SailNet Community banner
1 - 18 of 18 Posts

·
Superior Sailor
Joined
·
1,031 Posts
Discussion Starter · #1 · (Edited)
Just got this new (to me) used sail off e-bay, couple hundred bucks but it's a perfect match on luff, leach and foot measurements...

It has a bolt rope in the foot which I need and slugs on the luff which I don't, so I'm in the process of removing the old slugs and replacing them with new slides and shackles...

I get the top eight off relatively easy (they were attached with nylon straps, I cut them off with my hot knife) But I did notice there is no bolt rope in the luff tape, just gromets...

The lower four slugs are short shackled to a rope of some sort and are set up to "slide"...?



What does this system do for sail shape...?

Or is it part of the reefing system...?

Should I add my slides to the short shackles and run the system...?

Or should I cut it all off and use the longer shackles with slides all the way up and down the luff tape...?
 

·
Registered
Joined
·
898 Posts
Guesses:

The previous boat needed some slack in the lower luff to help with reefing. Or perhaps the sail was made wrong and needed some slack in the lower panel to get some depth. Or some sailors just do truly weird inexplicable things.
 

·
Senior Member
Joined
·
19,484 Posts
It's a 'jackline'... a way to help get your second reef cringle down to the tack hook when the slugs pile up too high in the track - like so:

 

·
Superior Sailor
Joined
·
1,031 Posts
Discussion Starter · #4 ·
So it's something I'm going to want to keep...?

How are the reef clew rings rigged then...Two separate lines...?

Right now I have a single line reefing on a single reef sail...
 

·
Registered
Joined
·
2,106 Posts
Rig your reefing lines in your usual, preferred way. The jackline allows the reef's tack cringle to lay on top (or at least close to) the boom. After a month or so of use, you will hardly notice the jackline anymore.
 

·
Senior Member
Joined
·
19,484 Posts
So it's something I'm going to want to keep...?

How are the reef clew rings rigged then...Two separate lines...?

Right now I have a single line reefing on a single reef sail...
This is not a tack reef line... it simply gives you the slack to get the tack reef cringle down to the boom. It certainly doesn't affect how you'd rig the clew reef points, and the reef tack points can be rigged the same as if the jackline wasn't there unless you use tack hooks, but again this line doesn't affect how you rig your reefing system.
 

·
Registered
Joined
·
898 Posts
A reef jack line? Ok. But seems like the better fix for that is better slides properly (loosely) bound to the luff. A main sail should drop easily, if not all by itself. Too much complexity in an already crowded area at the gooseneck.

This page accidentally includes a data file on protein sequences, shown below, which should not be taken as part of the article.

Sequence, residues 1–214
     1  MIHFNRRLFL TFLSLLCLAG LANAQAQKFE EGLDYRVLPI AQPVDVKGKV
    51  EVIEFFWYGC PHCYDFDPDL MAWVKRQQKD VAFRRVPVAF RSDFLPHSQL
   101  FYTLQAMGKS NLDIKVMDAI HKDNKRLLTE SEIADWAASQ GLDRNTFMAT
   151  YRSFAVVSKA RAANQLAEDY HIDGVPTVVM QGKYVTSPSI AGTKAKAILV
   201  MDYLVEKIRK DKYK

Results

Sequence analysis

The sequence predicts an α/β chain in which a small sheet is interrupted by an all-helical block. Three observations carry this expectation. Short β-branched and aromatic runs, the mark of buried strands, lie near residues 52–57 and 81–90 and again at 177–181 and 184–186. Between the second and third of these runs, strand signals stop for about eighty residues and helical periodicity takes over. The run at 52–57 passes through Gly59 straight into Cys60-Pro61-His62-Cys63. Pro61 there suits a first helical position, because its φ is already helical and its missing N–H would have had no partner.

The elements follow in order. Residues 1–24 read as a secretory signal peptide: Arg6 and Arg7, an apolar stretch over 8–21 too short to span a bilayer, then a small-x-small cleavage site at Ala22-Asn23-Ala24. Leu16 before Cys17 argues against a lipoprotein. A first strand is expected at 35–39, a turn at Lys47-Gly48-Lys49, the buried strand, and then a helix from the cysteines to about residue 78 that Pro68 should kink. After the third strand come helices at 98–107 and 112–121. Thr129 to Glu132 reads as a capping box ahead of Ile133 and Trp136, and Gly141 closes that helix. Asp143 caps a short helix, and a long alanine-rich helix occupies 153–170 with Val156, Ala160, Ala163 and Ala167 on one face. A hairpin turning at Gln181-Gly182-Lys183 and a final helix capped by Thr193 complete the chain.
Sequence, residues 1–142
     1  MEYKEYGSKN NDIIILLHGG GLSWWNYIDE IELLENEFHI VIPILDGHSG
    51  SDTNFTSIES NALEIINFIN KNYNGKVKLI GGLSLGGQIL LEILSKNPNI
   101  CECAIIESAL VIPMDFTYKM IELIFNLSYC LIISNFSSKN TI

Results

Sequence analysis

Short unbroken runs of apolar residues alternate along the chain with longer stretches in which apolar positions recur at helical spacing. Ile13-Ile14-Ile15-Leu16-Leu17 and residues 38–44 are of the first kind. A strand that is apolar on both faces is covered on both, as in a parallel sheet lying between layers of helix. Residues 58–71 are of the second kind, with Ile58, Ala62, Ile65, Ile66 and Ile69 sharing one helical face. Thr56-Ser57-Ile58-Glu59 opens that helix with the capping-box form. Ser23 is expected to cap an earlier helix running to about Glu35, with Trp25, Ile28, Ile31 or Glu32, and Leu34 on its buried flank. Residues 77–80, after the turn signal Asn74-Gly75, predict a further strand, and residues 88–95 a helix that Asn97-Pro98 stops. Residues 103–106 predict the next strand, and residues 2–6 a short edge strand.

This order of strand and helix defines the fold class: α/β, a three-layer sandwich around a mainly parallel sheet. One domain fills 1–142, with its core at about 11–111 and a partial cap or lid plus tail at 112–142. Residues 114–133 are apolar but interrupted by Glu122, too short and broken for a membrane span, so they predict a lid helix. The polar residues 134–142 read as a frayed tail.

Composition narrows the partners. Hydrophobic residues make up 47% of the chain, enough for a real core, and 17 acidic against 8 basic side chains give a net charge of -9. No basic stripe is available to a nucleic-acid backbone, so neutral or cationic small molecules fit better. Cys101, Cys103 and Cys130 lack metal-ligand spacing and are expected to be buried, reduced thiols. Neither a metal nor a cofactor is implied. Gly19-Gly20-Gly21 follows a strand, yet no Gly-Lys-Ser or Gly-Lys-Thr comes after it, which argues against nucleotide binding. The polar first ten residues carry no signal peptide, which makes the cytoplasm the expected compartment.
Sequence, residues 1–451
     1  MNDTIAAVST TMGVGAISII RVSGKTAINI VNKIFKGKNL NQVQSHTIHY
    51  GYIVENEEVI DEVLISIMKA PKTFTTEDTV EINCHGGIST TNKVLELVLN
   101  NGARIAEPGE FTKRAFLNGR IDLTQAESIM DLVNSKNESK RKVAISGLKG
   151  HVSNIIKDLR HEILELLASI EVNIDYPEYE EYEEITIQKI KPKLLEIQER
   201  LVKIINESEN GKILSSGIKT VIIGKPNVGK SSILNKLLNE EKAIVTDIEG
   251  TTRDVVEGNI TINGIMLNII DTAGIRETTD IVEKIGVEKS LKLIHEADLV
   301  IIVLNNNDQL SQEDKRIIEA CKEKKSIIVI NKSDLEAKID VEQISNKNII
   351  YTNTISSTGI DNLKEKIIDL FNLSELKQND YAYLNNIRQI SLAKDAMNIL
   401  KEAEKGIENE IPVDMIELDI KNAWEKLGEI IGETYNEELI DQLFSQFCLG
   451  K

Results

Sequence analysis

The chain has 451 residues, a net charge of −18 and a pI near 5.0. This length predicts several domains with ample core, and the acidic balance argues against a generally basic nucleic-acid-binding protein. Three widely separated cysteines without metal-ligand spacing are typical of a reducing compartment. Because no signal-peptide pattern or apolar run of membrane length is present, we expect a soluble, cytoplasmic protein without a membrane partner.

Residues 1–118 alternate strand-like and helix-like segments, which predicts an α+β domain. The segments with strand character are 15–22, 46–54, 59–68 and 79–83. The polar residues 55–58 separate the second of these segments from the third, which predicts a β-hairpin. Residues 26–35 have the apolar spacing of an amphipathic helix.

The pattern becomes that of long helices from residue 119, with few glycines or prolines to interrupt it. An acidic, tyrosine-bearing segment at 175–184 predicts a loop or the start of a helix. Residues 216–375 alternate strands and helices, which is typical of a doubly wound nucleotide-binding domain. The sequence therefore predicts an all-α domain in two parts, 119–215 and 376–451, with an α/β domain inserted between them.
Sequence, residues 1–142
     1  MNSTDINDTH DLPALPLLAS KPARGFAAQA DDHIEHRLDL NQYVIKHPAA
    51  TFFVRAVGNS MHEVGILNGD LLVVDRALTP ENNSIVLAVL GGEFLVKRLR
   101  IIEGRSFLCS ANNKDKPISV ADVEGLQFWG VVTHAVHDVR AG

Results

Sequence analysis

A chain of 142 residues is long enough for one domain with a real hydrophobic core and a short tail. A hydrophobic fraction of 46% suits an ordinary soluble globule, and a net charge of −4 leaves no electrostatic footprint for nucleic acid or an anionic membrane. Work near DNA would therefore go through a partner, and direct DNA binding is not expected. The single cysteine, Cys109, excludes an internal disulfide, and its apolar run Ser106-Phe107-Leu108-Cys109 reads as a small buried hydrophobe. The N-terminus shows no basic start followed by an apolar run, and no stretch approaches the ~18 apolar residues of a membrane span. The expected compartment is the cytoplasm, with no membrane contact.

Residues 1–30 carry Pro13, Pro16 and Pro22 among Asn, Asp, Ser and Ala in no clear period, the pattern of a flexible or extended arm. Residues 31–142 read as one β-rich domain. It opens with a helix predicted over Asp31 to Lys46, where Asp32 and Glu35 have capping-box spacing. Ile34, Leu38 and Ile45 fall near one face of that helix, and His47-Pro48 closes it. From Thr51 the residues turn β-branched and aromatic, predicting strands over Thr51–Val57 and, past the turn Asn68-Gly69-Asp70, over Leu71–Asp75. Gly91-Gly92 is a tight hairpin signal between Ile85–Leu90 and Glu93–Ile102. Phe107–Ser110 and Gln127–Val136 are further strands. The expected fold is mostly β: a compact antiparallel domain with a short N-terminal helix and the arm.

·
Senior Member
Joined
·
19,484 Posts
A reef jack line? Ok. But seems like the better fix for that is better slides properly (loosely) bound to the luff. A main sail should drop easily, if not all by itself. Too much complexity in an already crowded area at the gooseneck.
It's not a 'pull down' line..(the sense I get from what you've said)

The issue here is that if the sail track stop is too high above the gooseneck (or the slugs themselves too 'tall') the height of the tightly stacked slugs (usually only an issue for 2nd reefs or above) is too high above the tack for the cringle to actually reach.

The jackline allows the lower luff of the sail to fall away from the slugs and reach further down.
 

·
Registered
Joined
·
898 Posts
The jackline allows the lower luff of the sail to fall away from the slugs and reach further down.
Gotcha! Thanks. That makes sense. There still might be a better way. Many sails have far more slugs than necessary. Consider leaving some out. Or fit extensions on the reef cringes. The only downside of that is a higher aft end of the boom which doesn't hurt anything.
 

·
Registered
Joined
·
5,067 Posts
The reefing jackline when not tensioned (the jackline goes slack when the sail is lowered to reef) allows the slugs between the normal tack and the first reefing tack to 'stack' directly on top of one another in the mast slot - allows the reefing cringle to be pulled closer to the gooseneck, etc.. The slack jack line also allow the sail to be rolled (bunted) tighter near the gooseneck, plus the section that is reefed doesnt have to be close to mast the luff in that section can easily be pulled away from the mast (decreasing the 'bulk' near the tack/gooseneck) ... another plus is there will be no horizontal tension from the reefed/bunted sail transmitted to the lower slugs which can easily break them.